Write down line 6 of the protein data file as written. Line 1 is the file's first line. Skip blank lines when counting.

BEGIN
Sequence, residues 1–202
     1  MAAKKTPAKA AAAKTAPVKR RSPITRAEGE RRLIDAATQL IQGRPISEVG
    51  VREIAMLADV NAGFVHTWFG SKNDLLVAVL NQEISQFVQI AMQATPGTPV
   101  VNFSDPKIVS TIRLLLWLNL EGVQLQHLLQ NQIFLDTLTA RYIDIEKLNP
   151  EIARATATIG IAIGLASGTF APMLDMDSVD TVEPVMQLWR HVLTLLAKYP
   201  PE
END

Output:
   201  PE